tabbycat31 Jun 2012 #6
coalition_unwilling Jun 2012 #10
taught_me_patience Jun 2012 #7
coalition_unwilling Jun 2012 #11
taught_me_patience Jun 2012 #12
MineralMan Jun 2012 #8
coalition_unwilling Jun 2012 #9
MineralMan Jun 2012 #13

Response to coalition_unwilling (Original post)

Mon Jun 11, 2012, 12:31 PM

1. Self-kick for added exposure. - n/t

 

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Response to coalition_unwilling (Original post)

Mon Jun 11, 2012, 12:53 PM

2. I had a neighbor who worked in polling (for Dems)

I believe his background was in statistics, however (academic, statistician). His firm also did other kinds of work, but he had an interest in politics. I don't know if that's the only or main route in, but I have a feeling it wouldn't hurt to have a course or two in statistics under your belt (at a local college, perhaps).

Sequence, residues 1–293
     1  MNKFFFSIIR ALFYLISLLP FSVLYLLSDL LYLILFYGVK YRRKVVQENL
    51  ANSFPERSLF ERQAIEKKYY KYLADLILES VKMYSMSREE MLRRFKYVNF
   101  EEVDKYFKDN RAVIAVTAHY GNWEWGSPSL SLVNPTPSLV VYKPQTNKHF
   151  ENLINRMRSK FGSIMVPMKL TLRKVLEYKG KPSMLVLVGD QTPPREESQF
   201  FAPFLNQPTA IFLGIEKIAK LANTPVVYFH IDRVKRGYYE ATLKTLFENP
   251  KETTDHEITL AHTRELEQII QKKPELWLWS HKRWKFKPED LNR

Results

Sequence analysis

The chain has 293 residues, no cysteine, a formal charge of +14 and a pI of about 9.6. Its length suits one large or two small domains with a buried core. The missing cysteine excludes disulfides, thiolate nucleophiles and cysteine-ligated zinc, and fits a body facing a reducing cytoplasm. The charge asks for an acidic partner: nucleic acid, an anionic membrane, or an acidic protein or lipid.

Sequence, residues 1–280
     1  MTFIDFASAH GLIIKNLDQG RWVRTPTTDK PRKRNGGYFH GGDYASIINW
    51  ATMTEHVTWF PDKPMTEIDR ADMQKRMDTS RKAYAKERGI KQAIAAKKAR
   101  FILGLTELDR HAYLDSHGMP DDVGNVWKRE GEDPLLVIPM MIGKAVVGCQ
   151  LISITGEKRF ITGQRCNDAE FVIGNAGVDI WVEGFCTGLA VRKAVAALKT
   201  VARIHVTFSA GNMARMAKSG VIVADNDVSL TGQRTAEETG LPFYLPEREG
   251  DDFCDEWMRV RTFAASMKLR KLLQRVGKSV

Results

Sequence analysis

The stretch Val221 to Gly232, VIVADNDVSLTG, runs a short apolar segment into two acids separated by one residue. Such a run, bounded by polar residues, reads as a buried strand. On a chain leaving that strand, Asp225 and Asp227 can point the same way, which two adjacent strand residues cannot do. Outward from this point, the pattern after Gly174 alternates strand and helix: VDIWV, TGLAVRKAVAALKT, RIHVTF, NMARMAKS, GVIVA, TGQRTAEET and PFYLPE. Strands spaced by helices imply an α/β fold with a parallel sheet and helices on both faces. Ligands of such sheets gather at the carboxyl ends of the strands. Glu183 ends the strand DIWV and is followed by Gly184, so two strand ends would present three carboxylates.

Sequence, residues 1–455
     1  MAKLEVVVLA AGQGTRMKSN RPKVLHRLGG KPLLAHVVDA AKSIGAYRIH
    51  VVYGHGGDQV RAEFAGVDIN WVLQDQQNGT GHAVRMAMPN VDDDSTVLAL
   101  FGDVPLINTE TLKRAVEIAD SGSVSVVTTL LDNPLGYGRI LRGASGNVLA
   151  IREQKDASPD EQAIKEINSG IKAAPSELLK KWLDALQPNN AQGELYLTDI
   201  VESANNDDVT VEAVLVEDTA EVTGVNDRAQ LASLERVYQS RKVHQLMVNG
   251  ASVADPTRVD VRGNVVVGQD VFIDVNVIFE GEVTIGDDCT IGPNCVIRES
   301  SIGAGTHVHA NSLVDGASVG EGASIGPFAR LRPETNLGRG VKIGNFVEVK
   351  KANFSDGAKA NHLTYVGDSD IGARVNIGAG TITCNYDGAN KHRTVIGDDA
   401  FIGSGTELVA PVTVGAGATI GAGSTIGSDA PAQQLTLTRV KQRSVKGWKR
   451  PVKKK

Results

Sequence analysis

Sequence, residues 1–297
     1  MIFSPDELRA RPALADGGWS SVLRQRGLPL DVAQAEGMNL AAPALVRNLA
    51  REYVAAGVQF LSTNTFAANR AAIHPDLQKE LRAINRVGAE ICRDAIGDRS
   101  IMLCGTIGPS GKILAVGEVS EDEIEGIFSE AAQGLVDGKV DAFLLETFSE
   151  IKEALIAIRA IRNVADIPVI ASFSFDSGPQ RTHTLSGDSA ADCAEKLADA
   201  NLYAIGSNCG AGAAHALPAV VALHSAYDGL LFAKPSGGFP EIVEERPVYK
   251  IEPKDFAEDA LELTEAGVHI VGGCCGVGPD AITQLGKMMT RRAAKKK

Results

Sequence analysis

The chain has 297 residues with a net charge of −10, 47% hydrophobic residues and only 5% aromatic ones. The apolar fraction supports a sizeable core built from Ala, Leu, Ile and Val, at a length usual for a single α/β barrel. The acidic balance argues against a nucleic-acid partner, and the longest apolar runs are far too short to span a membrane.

It sounds like you might have good writing and editorial skills, which might also be good qualifiers. Why don't you write to several firms, letting them know your skills and background, and asking them what (if any) other skills they might be looking for?

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Response to frazzled (Reply #2)

Mon Jun 11, 2012, 01:25 PM

3. Excellent advice. I'll be heading to my local branch library this p.m. and

 

will ask the reference librarian's assistance in putting together a list of such firms.

I had statistics a long, long time ago, but would probably have to take some refresher courses in it, as I remember very little of it now.

Thanks for taking the time to reply. Much appreciated.

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Response to coalition_unwilling (Original post)

Mon Jun 11, 2012, 01:42 PM